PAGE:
Panthic

Gurdwara near LA vandalized in wake of nearby shootings

Evidence drove off
By Anju Kaur | December 10, 2015
Where is this truck?

Where is this truck?

A Los Angeles-area gurdwara was vandalized with graffiti last weekend in the wake of the San Bernardino shootings a few days earlier by a Muslim couple, but a crucial piece of the evidence drove off before police arrived. 

Sometime Saturday night, Nov. 5, or early the next morning, the walls of the Gurdwara Guru Nanak Sikh Temple parking lot were spray painted with graffiti, including a derogatory reference to ISIS on a semitractor-trailer truck parked inside. 
 
Members of the sangat noticed the graffiti Sunday morning, but the gurdwara management did not see it until evening, said Inderjot Singh, president of the gurdwara. They called the Buena Park Police Department. 
 
The truck driver was a visitor from Texas, Inderjot Singh said. He had left by the time the police arrived. Officers examined the walls but they could only view the truck vandalism through pictures.
 
“Common sense dictates it is the same person(s),” said Cpl. Bret Carter, press officer of the police department. But it will be more difficult to label this a hate crime when the only evidence of hate speech is gone. 
 
“Is this a hate crime?” Carter said. “We can’t make a determination.”
 
The gang-style graffiti, known as “tagging,” resembled traditional markings made by Southern California’s Hispanic gangs, he told SFP.
 
“SSBPX31ST AHM ****ISIS”
 
The first part identifies the gang, the second part identifies the city and the last part is its message. This incident involves two investigations. One is a gang investigation involving the graffiti on the wall. The other investigation involves locating the truck driver. The message is of the greatest concern, Carter said.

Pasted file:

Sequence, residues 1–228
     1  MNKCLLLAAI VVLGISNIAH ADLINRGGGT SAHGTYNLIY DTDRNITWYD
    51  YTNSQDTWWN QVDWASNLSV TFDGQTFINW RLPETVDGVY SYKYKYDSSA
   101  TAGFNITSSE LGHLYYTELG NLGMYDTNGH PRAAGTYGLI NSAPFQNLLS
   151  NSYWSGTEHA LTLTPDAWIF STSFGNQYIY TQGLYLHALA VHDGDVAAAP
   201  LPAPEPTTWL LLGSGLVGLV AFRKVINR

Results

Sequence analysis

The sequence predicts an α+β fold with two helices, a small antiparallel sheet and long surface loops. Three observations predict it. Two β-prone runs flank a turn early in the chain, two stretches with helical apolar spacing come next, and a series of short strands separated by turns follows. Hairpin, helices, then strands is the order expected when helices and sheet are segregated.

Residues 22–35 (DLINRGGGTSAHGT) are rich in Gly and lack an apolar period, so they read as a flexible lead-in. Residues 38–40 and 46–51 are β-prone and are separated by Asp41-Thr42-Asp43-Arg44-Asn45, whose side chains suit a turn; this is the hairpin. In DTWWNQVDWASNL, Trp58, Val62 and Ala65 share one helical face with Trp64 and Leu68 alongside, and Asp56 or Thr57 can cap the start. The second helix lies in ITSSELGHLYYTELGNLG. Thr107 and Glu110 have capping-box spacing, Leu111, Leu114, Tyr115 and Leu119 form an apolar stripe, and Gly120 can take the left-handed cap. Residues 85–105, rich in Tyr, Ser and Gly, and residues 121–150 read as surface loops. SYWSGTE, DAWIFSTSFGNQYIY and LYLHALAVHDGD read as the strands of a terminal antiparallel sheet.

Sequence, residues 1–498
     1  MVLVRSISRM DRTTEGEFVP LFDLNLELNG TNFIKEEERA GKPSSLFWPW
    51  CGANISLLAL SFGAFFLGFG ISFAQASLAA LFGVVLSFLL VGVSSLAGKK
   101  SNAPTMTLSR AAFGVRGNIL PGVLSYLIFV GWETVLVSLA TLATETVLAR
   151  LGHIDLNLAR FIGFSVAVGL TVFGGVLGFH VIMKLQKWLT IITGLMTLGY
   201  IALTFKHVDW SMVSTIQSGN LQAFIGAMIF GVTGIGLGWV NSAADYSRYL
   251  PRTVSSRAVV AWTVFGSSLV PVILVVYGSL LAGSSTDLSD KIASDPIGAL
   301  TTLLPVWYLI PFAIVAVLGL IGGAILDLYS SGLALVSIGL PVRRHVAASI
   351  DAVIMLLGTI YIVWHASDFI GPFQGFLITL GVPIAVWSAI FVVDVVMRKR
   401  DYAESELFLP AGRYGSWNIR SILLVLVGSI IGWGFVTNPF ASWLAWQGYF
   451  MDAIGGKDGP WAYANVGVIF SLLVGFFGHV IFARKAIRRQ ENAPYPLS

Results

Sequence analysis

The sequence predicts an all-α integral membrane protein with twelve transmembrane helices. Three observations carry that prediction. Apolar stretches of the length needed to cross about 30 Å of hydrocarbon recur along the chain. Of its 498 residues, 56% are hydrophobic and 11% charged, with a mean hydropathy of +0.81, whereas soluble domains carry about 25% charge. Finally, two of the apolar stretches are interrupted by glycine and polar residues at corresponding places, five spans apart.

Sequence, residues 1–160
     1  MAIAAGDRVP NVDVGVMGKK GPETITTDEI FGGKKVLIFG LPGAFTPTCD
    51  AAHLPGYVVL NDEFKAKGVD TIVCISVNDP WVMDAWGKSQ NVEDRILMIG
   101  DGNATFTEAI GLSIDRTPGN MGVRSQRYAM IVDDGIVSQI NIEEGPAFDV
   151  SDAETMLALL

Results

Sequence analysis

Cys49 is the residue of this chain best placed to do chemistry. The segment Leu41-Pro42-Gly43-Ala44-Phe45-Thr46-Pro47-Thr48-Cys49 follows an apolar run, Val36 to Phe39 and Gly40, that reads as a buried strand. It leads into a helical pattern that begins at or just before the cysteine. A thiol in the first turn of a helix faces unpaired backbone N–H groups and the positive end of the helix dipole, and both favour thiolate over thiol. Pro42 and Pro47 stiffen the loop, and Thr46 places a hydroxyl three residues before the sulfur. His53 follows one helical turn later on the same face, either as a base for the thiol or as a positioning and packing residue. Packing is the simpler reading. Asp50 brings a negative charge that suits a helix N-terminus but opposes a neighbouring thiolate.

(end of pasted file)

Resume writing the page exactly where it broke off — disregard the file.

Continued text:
“The investigation will determine what the intent was.”
 
Graffiti on the walls of the Gurdwara Guru Nanak Sikh Temple, Buena Park, California.
 
The police department has assigned officers at the gurdwara during yesterday’s and Saturday’s divaans, and extra patrols in the vicinity.
 
“We want everyone to feel safe,” Carter added.
 
“We’re not afraid, just worried about elderly people who come during early in the morning or late at night,” Inderjot Singh said. And there is always the concern that some mad guy can come and shoot people. 
 
“But we are not scared that will stop coming to the gurdwara.” 
 
The gurdwara is located on the main road in Buena Park. It has nearly 2,000 sangat members, with about 200 Khalsa School students. Langar is prepared for 1,200 people every Sunday. The incident was the first act of vandalism the gurdwara has experienced in its 32 years.
 
The hateful act is likely a reaction to the Nov. 2 shooting in San Bernardino in which 14 were killed and 21 were injured. The shooters, Syed Rizwan Farook, 28, and his wife, Tashfeen Malik, 29, pledged allegiance to the Islamic State of Iraq and Syria (ISIS), the FBI said. Both were killed in a police shoot out.
 
The alleged backlash at the gurdwara is an isolated incident, Carter added. There has been no other incident in the area against Muslims or those perceive to be Muslim.
 
Rajwant Singh, president of the Maryland-based Sikh Council on Religion and Education reached out to the White House, which directed the Department of Homeland Security to investigate, Inderjot Singh said.